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Thursday, April 29, 2021 at 4:00pm to 5:00pmVirtual Event
This event is a CNY Humanities Corridor panel with two second language writing scholars presenting on how faculty can support multilingual student writers.
Language Ideology, Multilingual Identities, and the Division of Labor in Educational Practice
Gail Shuck is Professor of English at Boise State University, where she has directed English Language Support Programs since 2001. Her research focuses on language ideologies, language identities, and linguistically inclusive writing program administration. She is currently editing a collection with Kay Losey on plurilingualism in U.S. writing classrooms.
Talk Abstract: Drawing on research on language identities and on her experience as English Language Support director for a university in a refugee resettlement city, Dr. Shuck will discuss the complexities of “multilingual student” identity and how those complexities are erased in pedagogical and institutional practices. Who do we mean when we talk about multilingual students, ESL students, English learners, bilingual students? What assumptions do instructors and institutions make about multilingual students’ educational and linguistic backgrounds, residency or visa status, rhetorical abilities, and first-language literacy? How do such assumptions change the distribution of labor--of students, faculty, staff, different offices/units--throughout an institution? What are some points of tension around redistributing such labor?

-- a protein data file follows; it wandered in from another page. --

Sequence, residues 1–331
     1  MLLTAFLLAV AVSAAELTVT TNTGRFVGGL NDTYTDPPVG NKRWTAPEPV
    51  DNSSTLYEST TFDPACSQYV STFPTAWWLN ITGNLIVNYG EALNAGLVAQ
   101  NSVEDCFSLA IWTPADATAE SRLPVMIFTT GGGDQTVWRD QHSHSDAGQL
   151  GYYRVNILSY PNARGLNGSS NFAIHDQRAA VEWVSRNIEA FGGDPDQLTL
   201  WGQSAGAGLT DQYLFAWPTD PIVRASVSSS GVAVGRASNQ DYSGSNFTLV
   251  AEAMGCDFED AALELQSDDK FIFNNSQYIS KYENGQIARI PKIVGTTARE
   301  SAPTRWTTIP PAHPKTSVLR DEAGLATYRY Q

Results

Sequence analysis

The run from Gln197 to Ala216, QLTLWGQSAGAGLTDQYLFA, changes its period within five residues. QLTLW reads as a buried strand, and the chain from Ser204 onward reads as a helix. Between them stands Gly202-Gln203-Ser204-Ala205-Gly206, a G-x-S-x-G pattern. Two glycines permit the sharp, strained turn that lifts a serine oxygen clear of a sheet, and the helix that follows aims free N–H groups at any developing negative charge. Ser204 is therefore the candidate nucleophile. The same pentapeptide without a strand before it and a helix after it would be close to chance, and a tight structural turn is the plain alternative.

Landscapes of Labor and Visions of New Lands: Supporting Multilingual Writers
Angela Dadak is the second language writing specialist for the Writing Studies Program at American University in Washington, DC. She teaches first year writing courses to linguistically diverse undergraduates, supports writing faculty in their work with multilingual writers, and participates in university-wide initiatives related to multilingual students.
Talk Abstract: From language support offices, to writing centers, to individual professor’s offices, the landscape of support for multilingual writers is rarely simple, reflecting or even erasing their complex multilingual identities. Dr. Dadak will begin by illustrating the difficulty for students and mentors in navigating this territory and then consider the underlying ideological, financial, structural forces shaping it. How do current models of support respond (or not respond) to those various forces? How do these models distribute labor across multilingual writers, faculty, staff, and other actors on and off campus? How might we envision alternative structures and paradigms for supporting writers of all backgrounds on our campuses?